Nearly 1 in 5 say their workplace can be toxic, poll finds
About one-fifth of American workers say their workplace is toxic, and many say their mental health is harmed as a result.
The American Psychological Association (APA) questioned 2,515 employed adults in April for its annual Work in America Survey. Nineteen percent stated that their workplace is very or somewhat toxic.
“The number of individuals who report experiencing a toxic workplace without protection from harm is troubling,” said Arthur Evans Jr., APA’s chief executive officer. “No one should feel fear at work. It is clear there is much work to be done to foster a positive work environment for all workers in this nation,” he said in an association news release.
“Toxic workplace” is described as a place where infighting, intimidation and other affronts harm productivity. Such places of employment usually see high absenteeism, low productivity and soaring turnover, the report noted.
Mental health is also likely to suffer. More than half (about 52%) of those who reported a toxic workplace felt work had harmed their mental health, compared to 15% of those who reported a healthy workplace.
Some of the other findings:
- About 22% of workers overall said they experienced harm to their mental health at work.
- 22% said they experienced harassment at work in the previous 12 months, up from 14% in 2022.
- 22% said they had witnessed discrimination and 15% experienced it.
- More than 28% had witnessed negative slights, insults or jokes that devalued someone’s identity, or negated their thoughts or feelings based on their identity or background.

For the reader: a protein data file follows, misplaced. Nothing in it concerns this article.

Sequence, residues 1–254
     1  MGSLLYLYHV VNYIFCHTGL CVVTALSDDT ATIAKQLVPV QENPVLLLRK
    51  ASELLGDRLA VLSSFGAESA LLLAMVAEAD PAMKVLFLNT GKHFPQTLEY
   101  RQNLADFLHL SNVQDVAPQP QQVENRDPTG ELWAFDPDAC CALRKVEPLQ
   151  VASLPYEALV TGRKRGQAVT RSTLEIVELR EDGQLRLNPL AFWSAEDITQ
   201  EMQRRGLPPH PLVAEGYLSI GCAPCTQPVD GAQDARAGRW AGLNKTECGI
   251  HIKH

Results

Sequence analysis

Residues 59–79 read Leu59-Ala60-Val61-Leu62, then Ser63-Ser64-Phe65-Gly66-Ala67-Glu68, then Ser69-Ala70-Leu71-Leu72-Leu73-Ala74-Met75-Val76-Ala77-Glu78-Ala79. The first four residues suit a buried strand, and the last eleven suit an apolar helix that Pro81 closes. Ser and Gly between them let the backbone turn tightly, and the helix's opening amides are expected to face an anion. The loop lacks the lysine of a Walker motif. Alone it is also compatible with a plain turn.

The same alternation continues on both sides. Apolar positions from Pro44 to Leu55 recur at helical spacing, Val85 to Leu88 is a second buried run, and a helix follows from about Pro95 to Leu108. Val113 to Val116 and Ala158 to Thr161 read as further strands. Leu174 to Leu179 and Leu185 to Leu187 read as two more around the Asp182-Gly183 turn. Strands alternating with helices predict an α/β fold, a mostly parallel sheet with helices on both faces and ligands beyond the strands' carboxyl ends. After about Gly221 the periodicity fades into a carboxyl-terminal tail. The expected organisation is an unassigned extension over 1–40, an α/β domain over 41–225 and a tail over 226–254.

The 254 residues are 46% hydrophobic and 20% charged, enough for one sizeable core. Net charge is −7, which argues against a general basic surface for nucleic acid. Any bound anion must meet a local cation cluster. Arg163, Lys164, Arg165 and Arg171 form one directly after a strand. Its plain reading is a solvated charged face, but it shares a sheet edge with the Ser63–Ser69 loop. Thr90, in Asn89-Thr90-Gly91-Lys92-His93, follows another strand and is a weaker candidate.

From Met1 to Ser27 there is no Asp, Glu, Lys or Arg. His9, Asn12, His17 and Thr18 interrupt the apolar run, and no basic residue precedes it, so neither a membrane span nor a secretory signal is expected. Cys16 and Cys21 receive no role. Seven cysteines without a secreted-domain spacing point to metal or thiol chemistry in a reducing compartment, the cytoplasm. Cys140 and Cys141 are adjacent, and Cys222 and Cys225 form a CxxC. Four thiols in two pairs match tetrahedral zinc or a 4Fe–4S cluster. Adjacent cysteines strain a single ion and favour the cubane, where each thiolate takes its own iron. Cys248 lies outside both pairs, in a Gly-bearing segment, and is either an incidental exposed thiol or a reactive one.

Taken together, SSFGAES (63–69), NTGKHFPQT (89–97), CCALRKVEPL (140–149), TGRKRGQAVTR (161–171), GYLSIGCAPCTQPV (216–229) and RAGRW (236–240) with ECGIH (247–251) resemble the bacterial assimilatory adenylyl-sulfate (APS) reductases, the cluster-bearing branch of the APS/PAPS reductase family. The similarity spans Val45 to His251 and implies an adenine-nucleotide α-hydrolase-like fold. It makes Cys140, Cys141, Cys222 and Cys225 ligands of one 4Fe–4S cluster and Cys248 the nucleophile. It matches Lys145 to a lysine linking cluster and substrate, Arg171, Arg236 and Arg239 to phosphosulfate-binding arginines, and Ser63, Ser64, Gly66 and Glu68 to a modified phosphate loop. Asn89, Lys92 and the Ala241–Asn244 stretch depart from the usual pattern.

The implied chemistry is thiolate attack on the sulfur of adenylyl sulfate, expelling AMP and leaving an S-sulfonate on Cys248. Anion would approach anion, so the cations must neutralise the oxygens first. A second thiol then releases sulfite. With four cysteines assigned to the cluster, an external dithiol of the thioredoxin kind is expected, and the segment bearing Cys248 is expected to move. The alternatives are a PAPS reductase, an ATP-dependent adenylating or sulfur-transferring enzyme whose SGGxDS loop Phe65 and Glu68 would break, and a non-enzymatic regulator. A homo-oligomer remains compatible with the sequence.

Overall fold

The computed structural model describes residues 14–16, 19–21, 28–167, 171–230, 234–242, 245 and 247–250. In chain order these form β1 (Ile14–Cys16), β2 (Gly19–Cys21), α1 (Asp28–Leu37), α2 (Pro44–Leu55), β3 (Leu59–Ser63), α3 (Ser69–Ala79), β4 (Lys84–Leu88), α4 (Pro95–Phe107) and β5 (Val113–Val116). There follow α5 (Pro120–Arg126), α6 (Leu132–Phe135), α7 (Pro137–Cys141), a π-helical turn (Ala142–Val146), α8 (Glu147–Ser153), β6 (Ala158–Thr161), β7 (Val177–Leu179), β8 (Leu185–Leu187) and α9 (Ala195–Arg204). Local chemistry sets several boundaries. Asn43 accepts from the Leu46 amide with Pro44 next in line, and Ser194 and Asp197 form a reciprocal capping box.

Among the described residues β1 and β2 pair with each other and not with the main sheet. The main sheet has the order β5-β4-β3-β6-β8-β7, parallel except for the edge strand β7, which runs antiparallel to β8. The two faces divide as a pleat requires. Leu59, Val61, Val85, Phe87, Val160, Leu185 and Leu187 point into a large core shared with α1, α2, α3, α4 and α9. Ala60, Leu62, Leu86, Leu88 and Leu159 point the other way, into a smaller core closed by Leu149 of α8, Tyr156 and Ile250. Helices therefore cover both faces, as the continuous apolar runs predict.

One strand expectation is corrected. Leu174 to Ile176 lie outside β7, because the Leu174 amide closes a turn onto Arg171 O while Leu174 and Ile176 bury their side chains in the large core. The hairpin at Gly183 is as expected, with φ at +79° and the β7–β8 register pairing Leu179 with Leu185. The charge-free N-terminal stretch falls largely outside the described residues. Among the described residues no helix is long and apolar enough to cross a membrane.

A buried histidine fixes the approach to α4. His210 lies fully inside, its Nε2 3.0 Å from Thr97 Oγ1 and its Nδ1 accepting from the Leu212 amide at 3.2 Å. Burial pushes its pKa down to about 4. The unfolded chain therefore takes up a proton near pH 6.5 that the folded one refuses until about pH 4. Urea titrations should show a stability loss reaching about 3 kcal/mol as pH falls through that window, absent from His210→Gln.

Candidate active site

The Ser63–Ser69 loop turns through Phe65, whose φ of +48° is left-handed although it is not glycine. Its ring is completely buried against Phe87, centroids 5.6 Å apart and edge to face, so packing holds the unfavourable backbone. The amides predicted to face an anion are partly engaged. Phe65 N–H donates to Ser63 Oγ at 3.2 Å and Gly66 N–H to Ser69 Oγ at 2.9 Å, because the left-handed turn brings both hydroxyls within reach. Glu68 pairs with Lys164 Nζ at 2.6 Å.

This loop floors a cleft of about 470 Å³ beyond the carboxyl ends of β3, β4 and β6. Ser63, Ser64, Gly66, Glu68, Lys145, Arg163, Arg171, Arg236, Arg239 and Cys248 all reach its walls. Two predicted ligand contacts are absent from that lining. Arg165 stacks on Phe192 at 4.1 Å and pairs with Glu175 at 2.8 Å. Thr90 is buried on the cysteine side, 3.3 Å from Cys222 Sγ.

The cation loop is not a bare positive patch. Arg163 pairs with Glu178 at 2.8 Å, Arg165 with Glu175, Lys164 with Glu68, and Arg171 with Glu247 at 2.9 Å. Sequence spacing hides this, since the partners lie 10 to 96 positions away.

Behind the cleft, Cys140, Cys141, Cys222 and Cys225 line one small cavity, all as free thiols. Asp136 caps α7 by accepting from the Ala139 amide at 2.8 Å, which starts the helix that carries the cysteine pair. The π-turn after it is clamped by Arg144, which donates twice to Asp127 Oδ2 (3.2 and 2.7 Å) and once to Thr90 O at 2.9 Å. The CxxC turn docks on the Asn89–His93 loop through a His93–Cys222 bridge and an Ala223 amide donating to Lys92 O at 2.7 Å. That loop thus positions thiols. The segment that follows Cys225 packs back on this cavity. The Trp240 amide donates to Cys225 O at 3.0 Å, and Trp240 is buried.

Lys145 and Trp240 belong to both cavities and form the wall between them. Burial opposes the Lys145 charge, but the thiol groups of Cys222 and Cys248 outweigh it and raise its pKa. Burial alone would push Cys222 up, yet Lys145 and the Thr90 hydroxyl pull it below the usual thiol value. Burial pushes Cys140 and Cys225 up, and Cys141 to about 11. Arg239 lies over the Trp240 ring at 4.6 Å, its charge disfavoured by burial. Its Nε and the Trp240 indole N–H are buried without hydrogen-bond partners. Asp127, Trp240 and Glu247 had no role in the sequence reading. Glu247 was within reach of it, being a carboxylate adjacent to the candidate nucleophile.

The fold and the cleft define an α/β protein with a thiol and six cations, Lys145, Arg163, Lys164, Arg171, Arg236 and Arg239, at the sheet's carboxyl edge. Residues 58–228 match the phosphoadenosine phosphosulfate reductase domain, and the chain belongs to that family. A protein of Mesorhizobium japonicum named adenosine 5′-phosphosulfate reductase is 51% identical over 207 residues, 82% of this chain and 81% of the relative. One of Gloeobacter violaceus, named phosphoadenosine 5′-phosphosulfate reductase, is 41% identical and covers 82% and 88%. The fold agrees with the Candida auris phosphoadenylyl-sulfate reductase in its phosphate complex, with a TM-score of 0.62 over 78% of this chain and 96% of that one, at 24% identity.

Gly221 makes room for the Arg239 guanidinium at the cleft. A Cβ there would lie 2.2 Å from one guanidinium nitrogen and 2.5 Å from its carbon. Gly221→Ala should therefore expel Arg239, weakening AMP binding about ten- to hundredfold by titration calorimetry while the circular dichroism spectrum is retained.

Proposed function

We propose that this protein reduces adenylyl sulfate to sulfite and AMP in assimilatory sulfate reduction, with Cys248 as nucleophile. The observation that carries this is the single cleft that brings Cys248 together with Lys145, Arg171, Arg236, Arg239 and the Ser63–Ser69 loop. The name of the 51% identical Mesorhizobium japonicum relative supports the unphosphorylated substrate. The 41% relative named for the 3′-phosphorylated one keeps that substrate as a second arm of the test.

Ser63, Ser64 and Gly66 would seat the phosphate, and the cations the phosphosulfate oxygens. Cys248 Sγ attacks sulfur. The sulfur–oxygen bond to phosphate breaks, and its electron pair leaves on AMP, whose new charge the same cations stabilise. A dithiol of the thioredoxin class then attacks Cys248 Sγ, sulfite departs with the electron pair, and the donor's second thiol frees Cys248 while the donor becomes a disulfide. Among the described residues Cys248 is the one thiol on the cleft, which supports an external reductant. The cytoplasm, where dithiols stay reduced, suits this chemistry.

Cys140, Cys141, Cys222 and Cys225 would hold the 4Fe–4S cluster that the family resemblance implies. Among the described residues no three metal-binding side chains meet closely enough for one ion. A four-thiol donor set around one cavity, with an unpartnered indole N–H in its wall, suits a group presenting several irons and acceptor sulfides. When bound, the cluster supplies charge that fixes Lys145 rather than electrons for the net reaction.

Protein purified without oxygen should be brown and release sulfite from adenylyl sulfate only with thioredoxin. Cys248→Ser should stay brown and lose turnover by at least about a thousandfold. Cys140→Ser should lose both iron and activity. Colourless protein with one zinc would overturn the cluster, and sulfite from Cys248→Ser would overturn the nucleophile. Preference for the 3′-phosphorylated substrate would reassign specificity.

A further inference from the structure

Those who expressed some of the most challenges by job type were in customer/client/patient services jobs, with 31% reporting verbal abuse. They were followed by manual laborers at 23% and office workers at 22%.
More than 1 in 10 manual laborers had experienced physical violence at work, compared to about 1 in 20 office workers and customer/client/patient services workers.
The APA considered the U.S. Surgeon General’s Framework for Mental Health and Well-Being in the Workplace for this year’s survey. Within that framework is the tenet “protection from harm,” meaning employers have a duty to protect workers from toxic workplaces.
Even with these issues, there is improvement in mental health support in the workplace, the survey found. About 77% of workers were either very or somewhat satisfied with the support for mental health and well-being they received from their employers. About 59% strongly or somewhat agreed that their employer offers information about available mental health resources.
The survey also found that the overwhelming majority (about 92%) of people feel it is very or somewhat important to work for an organization that values their emotional and psychological well-being. The same number said it was important their employer provide support for employee mental health.
“Our survey data confirms that employees prioritize both physical and psychological support at work, and that the practices employers are putting in place are heading in the right direction,” Evans said. “However, it is clear there are many areas that require improvement. The number of workers experiencing not only a toxic workplace, but also increasing amounts of stress and a lack of respect concerning personal time, is disturbing.”
The Harris Poll conducted the survey on behalf of the APA.
The U.S. Department of Labor has more on mental health at work.
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